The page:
Add some junction tubing

Toss some extra junction tubing in your box. You’re bound to lose the pieces on your flies and without it, your hooks will sag. Nobody wants that.

Two hands not required – single hand rods for winter steelhead


Hatchery brat landed on a 10′ single hand 7wt

With the Alsea and other coastal creeks and rivers on the rise, steelhead will be moving upriver. When these fish get in the upper reaches of our coastal rivers, the need for spey and switch rods goes down and the good ol’ single hand 7/8/9 weight comes out. These are our tool of choice for fishing small, pocket water systems. Here is a breakdown of the rods we use.

Redington Path – 9′ 6″ 8wt $129.95- Fantastic rod for the price, responsive and powerful enough for even the biggest brutes without breaking the bank.

Echo Ion – 10′ 7 or 8wt $189.95- Although this rod is on the heavy side of things, the added length of this rod makes mending and line control a breeze. Add the durability Echo rods are known for and you can’t lose.

Echo 3 9’6″ 8wt $349.99- Echo has made a great effort to provide the money-conscious angler with rods that perform extremely well. This rod is making its name as a great all around steelhead rod. Plenty of backbone with a fast action, yet sensitive enough to feel those lethargic takes.With the Rajeff name behind the rod design, how can you go wrong?

Sage Response 9’6″ 8wt $395-  The beauty of Sage is that they are made in the USA on Bainbridge Island. We feel Sage has hit the nail on the head with this fast-action fishing machine. This is for the angler that doesn’t want to drop big bucks on the ONE or Method, but appreciates the value in buying a rod made stateside.

Sage ONE 9’6″ 8wt $785 – One of the lightest 8wt rods on the market, with enough backbone to turn the 10+ lb. fish, we’re really into this stick. With Sage’s newest blank technology, it tracks well enough to use out on the flats, even with an extra 6″ on it. Not in the budget for all, but a killer big fish rod.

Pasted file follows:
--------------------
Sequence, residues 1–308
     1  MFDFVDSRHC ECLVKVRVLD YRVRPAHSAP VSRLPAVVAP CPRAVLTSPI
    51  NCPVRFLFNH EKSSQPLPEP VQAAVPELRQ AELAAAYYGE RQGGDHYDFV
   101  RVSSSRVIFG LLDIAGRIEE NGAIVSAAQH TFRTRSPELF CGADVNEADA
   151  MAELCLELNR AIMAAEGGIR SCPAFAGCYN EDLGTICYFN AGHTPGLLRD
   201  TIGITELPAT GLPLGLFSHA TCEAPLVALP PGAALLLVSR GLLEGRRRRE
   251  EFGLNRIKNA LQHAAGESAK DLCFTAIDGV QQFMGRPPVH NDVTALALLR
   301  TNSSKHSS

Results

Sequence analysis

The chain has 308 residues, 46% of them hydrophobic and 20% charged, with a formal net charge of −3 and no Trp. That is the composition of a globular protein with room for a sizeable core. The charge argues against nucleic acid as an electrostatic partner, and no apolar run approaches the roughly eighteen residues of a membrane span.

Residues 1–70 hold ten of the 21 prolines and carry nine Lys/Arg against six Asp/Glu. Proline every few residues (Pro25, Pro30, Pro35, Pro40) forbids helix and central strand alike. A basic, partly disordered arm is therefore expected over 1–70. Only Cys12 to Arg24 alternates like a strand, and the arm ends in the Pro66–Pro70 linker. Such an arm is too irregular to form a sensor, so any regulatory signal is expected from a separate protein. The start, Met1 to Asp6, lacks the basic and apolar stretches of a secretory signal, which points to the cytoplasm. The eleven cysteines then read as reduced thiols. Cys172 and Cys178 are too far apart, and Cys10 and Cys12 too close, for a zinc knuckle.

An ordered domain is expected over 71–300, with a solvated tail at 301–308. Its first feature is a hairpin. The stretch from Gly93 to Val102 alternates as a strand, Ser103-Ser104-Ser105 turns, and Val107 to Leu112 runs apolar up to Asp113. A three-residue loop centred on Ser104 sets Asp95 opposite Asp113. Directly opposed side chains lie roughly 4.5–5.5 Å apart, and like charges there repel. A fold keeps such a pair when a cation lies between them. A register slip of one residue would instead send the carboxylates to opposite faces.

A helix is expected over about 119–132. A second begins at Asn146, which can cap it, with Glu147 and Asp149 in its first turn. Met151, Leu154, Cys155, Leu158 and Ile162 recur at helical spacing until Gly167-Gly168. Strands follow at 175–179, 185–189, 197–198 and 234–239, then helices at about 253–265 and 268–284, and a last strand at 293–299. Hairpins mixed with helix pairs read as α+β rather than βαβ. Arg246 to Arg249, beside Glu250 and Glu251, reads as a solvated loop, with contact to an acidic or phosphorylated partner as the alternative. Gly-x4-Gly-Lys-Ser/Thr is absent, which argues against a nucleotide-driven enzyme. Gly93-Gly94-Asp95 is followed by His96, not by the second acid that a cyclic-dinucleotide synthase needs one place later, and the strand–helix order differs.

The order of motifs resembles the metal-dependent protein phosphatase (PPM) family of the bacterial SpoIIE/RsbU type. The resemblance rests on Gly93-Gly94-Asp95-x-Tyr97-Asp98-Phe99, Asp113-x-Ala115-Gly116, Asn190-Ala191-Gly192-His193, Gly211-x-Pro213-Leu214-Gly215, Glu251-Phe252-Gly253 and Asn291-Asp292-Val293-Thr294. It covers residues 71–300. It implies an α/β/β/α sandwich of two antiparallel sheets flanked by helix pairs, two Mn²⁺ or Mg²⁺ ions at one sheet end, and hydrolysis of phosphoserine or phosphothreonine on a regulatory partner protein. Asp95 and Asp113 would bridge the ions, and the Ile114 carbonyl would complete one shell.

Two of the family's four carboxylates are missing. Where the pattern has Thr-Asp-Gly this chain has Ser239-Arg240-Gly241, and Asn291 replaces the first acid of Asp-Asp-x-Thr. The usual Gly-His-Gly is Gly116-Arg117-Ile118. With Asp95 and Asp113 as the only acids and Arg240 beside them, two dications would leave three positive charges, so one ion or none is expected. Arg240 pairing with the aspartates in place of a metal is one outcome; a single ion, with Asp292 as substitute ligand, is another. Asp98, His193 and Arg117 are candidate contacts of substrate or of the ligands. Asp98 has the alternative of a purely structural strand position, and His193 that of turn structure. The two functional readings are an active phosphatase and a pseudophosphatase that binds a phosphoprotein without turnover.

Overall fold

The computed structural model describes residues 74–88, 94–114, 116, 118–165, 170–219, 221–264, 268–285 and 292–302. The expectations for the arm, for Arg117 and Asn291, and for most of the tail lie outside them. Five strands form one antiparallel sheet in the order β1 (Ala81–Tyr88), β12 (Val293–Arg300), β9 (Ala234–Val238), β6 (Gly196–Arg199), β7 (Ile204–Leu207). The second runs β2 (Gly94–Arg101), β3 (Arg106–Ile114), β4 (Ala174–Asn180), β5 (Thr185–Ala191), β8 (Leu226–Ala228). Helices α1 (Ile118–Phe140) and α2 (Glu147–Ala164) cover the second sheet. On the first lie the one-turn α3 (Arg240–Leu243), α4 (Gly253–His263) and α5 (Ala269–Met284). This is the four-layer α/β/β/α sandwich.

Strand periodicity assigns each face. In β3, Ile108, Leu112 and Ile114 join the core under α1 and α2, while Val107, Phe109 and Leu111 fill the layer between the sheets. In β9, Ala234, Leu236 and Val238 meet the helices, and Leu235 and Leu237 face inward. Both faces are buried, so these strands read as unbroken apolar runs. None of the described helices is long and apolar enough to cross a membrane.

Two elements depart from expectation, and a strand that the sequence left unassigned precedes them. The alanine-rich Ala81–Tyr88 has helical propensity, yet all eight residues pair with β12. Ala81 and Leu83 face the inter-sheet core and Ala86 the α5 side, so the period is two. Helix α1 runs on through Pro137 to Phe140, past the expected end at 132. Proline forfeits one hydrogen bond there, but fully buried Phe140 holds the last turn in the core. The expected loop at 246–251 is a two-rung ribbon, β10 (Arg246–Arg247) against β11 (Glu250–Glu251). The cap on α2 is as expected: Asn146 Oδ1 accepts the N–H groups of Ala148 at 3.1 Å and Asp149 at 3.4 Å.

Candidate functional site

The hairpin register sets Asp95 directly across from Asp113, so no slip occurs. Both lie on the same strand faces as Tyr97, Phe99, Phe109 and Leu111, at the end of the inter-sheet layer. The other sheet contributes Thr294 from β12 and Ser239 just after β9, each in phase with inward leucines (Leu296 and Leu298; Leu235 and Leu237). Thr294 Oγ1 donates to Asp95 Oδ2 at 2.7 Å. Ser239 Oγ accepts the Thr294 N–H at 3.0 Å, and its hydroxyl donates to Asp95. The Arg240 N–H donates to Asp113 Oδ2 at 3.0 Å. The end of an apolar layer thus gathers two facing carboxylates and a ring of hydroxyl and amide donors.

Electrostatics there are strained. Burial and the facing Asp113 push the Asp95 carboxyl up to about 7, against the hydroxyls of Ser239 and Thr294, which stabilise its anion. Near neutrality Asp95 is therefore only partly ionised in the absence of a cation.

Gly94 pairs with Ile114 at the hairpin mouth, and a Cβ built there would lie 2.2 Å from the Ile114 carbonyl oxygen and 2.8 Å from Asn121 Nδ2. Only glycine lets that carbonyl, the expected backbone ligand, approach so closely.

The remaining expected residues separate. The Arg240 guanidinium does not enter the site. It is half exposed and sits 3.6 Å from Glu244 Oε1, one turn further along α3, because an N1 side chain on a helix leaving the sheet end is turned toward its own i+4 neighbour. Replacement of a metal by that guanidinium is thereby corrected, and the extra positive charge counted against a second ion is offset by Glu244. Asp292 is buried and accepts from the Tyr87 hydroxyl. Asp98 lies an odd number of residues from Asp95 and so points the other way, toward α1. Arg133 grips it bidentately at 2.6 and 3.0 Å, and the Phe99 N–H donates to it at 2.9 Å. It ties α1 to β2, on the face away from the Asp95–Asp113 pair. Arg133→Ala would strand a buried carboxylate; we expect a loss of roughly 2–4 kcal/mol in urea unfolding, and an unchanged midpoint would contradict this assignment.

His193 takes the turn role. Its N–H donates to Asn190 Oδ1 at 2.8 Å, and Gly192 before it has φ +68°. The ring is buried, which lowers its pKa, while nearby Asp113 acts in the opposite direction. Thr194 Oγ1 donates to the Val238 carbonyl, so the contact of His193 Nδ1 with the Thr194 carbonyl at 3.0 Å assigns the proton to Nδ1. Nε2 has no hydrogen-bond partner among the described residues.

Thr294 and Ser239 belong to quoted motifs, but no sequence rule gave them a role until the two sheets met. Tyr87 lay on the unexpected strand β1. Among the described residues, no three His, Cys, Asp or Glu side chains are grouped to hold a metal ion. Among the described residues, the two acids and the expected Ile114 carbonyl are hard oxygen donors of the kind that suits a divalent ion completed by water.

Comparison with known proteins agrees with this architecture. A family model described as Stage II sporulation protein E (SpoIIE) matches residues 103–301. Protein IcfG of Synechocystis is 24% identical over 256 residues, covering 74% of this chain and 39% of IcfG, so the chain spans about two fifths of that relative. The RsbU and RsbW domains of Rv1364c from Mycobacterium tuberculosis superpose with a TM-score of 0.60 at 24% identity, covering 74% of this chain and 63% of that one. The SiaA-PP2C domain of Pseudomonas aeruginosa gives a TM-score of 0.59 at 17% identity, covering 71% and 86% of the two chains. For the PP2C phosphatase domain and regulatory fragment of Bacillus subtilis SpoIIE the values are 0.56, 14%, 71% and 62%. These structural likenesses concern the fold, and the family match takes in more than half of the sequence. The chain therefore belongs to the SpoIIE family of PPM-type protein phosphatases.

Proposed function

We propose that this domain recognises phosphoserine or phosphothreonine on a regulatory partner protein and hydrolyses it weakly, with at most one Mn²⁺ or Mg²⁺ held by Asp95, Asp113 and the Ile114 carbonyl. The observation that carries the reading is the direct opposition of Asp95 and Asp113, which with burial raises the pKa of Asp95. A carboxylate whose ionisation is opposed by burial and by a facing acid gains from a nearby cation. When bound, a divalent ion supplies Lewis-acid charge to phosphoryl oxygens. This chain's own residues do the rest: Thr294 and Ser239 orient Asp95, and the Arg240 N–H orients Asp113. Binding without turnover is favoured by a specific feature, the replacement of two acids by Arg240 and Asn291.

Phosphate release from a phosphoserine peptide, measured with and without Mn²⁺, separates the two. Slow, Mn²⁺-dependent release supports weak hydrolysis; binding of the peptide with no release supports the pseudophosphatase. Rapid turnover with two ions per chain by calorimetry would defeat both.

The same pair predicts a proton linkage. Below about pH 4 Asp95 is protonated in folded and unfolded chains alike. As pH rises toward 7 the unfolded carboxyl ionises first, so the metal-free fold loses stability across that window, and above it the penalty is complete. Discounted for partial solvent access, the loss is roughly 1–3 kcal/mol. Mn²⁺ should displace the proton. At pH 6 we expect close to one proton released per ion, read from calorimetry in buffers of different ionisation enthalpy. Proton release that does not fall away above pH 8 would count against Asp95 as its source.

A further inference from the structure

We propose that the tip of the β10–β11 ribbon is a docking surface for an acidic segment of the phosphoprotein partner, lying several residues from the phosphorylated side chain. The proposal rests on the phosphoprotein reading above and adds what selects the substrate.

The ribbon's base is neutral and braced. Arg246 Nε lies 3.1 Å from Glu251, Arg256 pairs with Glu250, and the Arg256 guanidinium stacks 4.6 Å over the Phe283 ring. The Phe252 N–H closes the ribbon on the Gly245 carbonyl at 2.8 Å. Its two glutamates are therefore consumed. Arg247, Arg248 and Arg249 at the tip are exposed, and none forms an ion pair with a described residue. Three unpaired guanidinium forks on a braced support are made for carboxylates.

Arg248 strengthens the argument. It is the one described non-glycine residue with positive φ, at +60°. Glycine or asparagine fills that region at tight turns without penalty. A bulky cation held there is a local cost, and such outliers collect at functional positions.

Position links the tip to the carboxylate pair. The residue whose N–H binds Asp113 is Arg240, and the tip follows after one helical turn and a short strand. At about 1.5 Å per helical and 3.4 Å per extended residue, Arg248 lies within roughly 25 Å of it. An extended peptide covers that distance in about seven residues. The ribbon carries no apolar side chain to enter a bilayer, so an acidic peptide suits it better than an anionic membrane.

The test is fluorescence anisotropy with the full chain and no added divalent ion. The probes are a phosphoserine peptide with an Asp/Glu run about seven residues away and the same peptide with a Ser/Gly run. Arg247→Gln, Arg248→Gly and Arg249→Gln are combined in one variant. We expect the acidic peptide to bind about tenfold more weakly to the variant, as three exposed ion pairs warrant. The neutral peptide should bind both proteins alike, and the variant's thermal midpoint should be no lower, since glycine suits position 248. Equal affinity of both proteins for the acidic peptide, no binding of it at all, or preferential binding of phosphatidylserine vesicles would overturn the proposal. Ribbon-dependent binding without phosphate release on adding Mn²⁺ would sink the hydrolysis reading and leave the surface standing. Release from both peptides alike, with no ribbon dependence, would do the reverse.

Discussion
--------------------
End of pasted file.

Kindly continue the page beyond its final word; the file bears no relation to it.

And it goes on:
Something we like to do…This is not for everyone, but this is something we have found to make single hand indicator/sink-tip fishing a lot easier – UP your line weight.

Conventional wisdom would tell me that I should put an 8wt salmon/steelhead taper on my 8wt rod and a 7wt line for my 7wt. The problem is, those lines are not the easiest to roll cast tungsten putty and a weighted egg pattern or jig style fly, and I personally hate being challenged by not only the river and weather conditions but also my gear.

The solution is to simply overload your rod by two line weights or more. This gives the line enough mass to carry a heavy rig and TURN IT OVER. It also makes it easier to load your single-hander deeply into the cork on a roll cast. We have even gone as far as to load single handers with regular switch and switch chucker lines 1-2 line weights lighter than your rod – i.e. 6/7 weight switch line on a single hand 8 weight (depending on the rod and casting preference).

Remember, this is not trout fishing, it is steelhead fishing. There is a reason a spinning rods with bobber and jig regularly out fish us… they are in the water and fishing more throughout the day than we are.